Ohio State offensive linemen Josh Myers and Wyatt Davis spoke with the media on Thursday via teleconference to discuss how they are staying prepared for a 2020 season shrouded in great uncertainty.
The teleconference marked the first time players have been made available to the media since programs were shut down due to the COVID-19 pandemic in March.
While many different scenarios are being tossed around regarding a model for the 2020 season, should it be played, that season being played without fans in the stands is becoming increasingly likely. Although not ideal, the prospect of playing in empty stadiums isn’t deterring either of the two from wanting to hit the field this fall.
“Yes, absolutely,” Myers said when asked if he would still want to play without fans in the stands. “I would do anything, really, to play this season. I don’t know what I would do without football, to be honest. But with that comes sacrifices and, personally, I am willing to make those sacrifices.”
Davis echoed that sentiment, acknowledging that it wouldn’t be the same without fans in the stands but that would not affect him wanting to play the season.
“I just love the game of football, and I miss being in that competitive type of atmosphere,” Davis said. “So, fans or no fans, I would want to play.”
Asked about the concerns he might have in returning to football, Davis said there would be obvious concerns about spreading the virus, given the nature of the sport with players operating in close quarters. He added that not having spring practice is a big deal in factoring in how long of a preparation window teams will need before they’re ready to play a season.
Myers said his greatest fear with the virus is spreading it to his family, stating that he would feel better by being on campus and away from them in order to eliminate that chance.
“Being back in Columbus, obviously I would not be with my family,” he said. “It would be unfortunate that I wouldn’t get to see them, but at least I would be sure that I couldn’t give (the virus) to them if I did get it.”
Before a season model can be outlined, programs and conferences must first address the time frame needed for players to return to campus and prepare for the season. Myers said his ideal scenario for a restart to practice would be a two-week training period before the hitting begins to reacclimate to the grind of the offseason, adding, “I know if anyone can get us completely right in two weeks, it’s coach Mick (Marotti).”
Until facilities are permitted to open again, players have been tasked with owning their preparation for the season without the watchful eyes of a coaching staff to ensure they are putting forth the effort. But regardless of personal drive, the reality is not all players, depending on where they call home, have the necessary tools to accomplish what they normally would inside the walls of the Woody Hayes Athletic Center.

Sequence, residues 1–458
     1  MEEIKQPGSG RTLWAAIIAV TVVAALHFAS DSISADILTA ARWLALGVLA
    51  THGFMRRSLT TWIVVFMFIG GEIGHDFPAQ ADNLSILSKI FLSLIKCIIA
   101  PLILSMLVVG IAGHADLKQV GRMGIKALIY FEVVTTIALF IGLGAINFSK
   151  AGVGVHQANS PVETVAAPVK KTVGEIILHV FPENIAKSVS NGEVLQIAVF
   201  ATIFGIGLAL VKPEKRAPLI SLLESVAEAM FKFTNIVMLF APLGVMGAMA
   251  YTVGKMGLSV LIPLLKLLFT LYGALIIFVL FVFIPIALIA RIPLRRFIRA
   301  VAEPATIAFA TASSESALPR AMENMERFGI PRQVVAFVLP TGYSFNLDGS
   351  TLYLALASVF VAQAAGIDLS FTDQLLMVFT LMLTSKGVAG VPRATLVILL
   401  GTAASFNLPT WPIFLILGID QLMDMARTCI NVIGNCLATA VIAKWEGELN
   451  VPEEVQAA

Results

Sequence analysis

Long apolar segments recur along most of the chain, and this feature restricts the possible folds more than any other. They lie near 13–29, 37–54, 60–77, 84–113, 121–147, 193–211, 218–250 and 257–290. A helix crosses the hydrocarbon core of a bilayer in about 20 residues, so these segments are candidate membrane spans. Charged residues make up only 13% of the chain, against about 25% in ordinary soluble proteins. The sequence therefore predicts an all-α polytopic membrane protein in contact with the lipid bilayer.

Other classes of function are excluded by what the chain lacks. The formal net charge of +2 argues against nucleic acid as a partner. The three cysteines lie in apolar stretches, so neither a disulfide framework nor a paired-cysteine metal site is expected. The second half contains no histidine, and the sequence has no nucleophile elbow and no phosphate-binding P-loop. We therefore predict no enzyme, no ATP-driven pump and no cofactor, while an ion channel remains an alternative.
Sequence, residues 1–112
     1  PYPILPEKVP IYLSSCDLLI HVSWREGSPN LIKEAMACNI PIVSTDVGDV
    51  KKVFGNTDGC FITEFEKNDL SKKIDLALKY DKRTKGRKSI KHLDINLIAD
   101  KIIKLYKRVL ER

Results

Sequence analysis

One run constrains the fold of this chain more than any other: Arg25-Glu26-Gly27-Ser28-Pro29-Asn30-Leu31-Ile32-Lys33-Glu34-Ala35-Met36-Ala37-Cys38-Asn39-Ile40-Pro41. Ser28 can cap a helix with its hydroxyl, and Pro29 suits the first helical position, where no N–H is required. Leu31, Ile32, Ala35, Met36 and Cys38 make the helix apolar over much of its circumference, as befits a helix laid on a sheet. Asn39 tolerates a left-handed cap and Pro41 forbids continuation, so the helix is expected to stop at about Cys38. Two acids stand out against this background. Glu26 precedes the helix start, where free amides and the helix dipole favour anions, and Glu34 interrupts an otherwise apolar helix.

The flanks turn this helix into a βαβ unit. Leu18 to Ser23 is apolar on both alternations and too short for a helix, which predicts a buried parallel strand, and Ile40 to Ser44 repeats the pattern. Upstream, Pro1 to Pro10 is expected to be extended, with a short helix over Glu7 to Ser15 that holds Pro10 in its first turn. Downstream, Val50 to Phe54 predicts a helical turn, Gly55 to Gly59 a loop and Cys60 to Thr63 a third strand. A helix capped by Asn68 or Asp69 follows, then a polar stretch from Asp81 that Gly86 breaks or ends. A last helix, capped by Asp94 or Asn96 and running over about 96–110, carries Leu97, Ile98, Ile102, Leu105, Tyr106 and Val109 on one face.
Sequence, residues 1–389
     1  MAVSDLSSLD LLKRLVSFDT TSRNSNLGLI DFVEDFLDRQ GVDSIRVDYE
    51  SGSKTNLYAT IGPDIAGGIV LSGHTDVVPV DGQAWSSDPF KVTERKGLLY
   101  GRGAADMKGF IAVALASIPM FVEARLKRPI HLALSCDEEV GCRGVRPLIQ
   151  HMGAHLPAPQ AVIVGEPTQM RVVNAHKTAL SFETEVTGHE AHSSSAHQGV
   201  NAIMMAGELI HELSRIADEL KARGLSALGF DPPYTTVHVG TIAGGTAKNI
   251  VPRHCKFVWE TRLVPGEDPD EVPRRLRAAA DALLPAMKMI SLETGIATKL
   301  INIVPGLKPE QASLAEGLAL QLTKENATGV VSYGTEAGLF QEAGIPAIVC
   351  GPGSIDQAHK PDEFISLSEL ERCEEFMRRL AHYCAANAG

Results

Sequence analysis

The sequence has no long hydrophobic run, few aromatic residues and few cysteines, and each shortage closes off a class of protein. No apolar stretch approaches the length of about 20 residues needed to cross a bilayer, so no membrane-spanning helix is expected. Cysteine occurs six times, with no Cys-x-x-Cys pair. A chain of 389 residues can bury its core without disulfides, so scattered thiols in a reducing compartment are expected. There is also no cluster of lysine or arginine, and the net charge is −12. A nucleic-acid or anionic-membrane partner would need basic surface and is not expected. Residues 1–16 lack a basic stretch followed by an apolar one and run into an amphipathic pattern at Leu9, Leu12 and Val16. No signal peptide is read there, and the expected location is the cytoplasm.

For offensive linemen, in particular, there are certain aspects of a typical workout that simply can’t be replicated without the equipment available to them at the Woody. Myers pointed to the 300-pound sled the linemen push around on the practice field, which forces them to continue moving their feet upon contact, as something that is difficult to replace at home.
“From the lifting side, we have a lot of the things we need,” Myers said. “But when it comes to drills, we just don’t have those resources.”
Fortunately for Myers, he said his brother, Zach, has been available to help him in drills. Zach played offensive line at the University of Kentucky from 2012-15.
Davis, who is back home in California, said he has been successful in finding a place to lift, but finding a field in which he can go through drills on the field and simulate a game series has been difficult to come by without getting kicked off the field.
“It is just so important, playing offensive line, that you keep harping on those things because of muscle memory and stuff like that,” Davis said. “You tend to get sloppy if you’re not going to work on things for a long period of time. For me, I just want to make sure I’m as crisp as I can be when it’s time to come back, and that I have somewhat of that same short quickness ability that I had before this pandemic took place.”
Davis added that conditioning is another big factor for players during their time away, saying, “You can lift all the weights you want, but if you can’t last a 10-plus play drive, it’s essentially pointless being that strong.”
Aside from the physical capabilities of players upon their return to campus, another question regarding the impact of the break will be how the chemistry within position groups and teams as a whole will be affected. For Myers, camaraderie will not be a question at all. Rather, he expects chemistry to be even better than it was when players were forced to leave as they’ve developed a better appreciation for the opportunities they have received.
“It’s hard sometimes, you get so into the routine of things that you can take things for granted,” Myers said. “And then when you don’t have it anymore, you realize how precious what you had was, and I think that’s what I feel is going to be the general, overall feel of our team when we get back together. That’s the feel I get from meetings and I can’t imagine it being any other way when we get back. It’ll make our bond stronger.”
Davis added, “This pandemic has shown us that football and everything that comes with it can be taken away just like that, and I think, overall, people are just more appreciative of what we have going on.”
Reach Dillon Davis at 740-413-0904. Follow him on Twitter @DillonDavis56.